Riding His Baseball Fame, Steve Garvey Disrupts the California Senate Race

In the crowded race to succeed the late Senator Dianne Feinstein of California, Steve Garvey stands out both for his celebrity and for how little he has actually campaigned.

At community forums, the former baseball star turned pitchman has been a serial no-show. After televised debates, he has fled reporters waiting in the spin room. The 75-year-old Republican, a political novice, has raised only a sliver of the tens of millions of dollars needed to win a statewide race in California.

Yet with only two weeks left until the March 5 primary, Mr. Garvey stands to win one of two November runoff spots despite facing three experienced Democratic members of Congress and a host of other contenders.

While Representative Adam Schiff has widened his overall lead, polls suggest that Mr. Garvey could beat Representative Katie Porter for second place in California’s unusual “jungle” primary.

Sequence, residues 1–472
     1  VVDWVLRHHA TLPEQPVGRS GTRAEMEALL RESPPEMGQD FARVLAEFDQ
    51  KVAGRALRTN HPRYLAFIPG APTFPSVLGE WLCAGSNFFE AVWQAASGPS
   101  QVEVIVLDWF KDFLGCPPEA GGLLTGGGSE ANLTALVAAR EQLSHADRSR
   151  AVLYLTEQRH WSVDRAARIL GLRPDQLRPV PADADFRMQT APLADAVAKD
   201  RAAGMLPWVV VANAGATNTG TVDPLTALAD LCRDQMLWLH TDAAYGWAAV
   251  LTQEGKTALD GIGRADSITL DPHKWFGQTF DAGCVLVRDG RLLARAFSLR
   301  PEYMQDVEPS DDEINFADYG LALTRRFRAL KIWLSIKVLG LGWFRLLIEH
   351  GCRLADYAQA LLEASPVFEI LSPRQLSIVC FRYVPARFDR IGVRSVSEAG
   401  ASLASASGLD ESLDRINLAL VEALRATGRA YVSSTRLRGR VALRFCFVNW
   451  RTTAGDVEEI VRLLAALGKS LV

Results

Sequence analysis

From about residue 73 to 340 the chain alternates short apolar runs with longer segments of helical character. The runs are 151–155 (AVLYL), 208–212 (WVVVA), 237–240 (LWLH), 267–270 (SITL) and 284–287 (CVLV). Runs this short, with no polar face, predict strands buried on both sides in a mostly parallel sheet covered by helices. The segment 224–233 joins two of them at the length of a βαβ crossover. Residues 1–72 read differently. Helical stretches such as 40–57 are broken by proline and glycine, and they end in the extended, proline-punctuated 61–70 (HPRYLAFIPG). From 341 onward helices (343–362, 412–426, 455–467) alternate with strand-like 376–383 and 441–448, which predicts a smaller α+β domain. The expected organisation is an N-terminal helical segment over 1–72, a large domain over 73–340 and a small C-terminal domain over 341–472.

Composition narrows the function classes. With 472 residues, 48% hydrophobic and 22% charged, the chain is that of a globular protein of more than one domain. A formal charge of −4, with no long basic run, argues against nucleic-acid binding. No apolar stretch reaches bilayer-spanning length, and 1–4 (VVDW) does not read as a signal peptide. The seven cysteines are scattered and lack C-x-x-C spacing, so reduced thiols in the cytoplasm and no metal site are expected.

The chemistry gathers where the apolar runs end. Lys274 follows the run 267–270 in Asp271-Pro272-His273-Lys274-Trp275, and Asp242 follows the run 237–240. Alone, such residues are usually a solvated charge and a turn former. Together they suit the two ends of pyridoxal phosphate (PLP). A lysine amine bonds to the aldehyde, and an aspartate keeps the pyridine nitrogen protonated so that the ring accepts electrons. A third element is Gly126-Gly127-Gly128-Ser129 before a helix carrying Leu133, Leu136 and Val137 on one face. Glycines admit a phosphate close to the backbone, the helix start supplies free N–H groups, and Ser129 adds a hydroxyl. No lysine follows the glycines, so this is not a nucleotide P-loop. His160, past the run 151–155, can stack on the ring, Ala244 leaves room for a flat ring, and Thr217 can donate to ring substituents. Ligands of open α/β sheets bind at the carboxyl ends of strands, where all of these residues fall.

In a state so vast that 22 million voters participated in the last presidential election, name recognition can still overcome political inexperience and a lack of money. Even if that name was largely made playing baseball four decades ago.

And in a strategic move that has become common in California, Mr. Schiff has perhaps done more to help Mr. Garvey than Mr. Garvey himself. The leading Democrat has spent $10 million on ads that ostensibly attack Mr. Garvey as “too conservative for California” but that have the likely effect of rallying a critical mass of Republican voters to his side. The result has been an improbable disruption of a contest that was expected to be dominated by two Democratic members of Congress.

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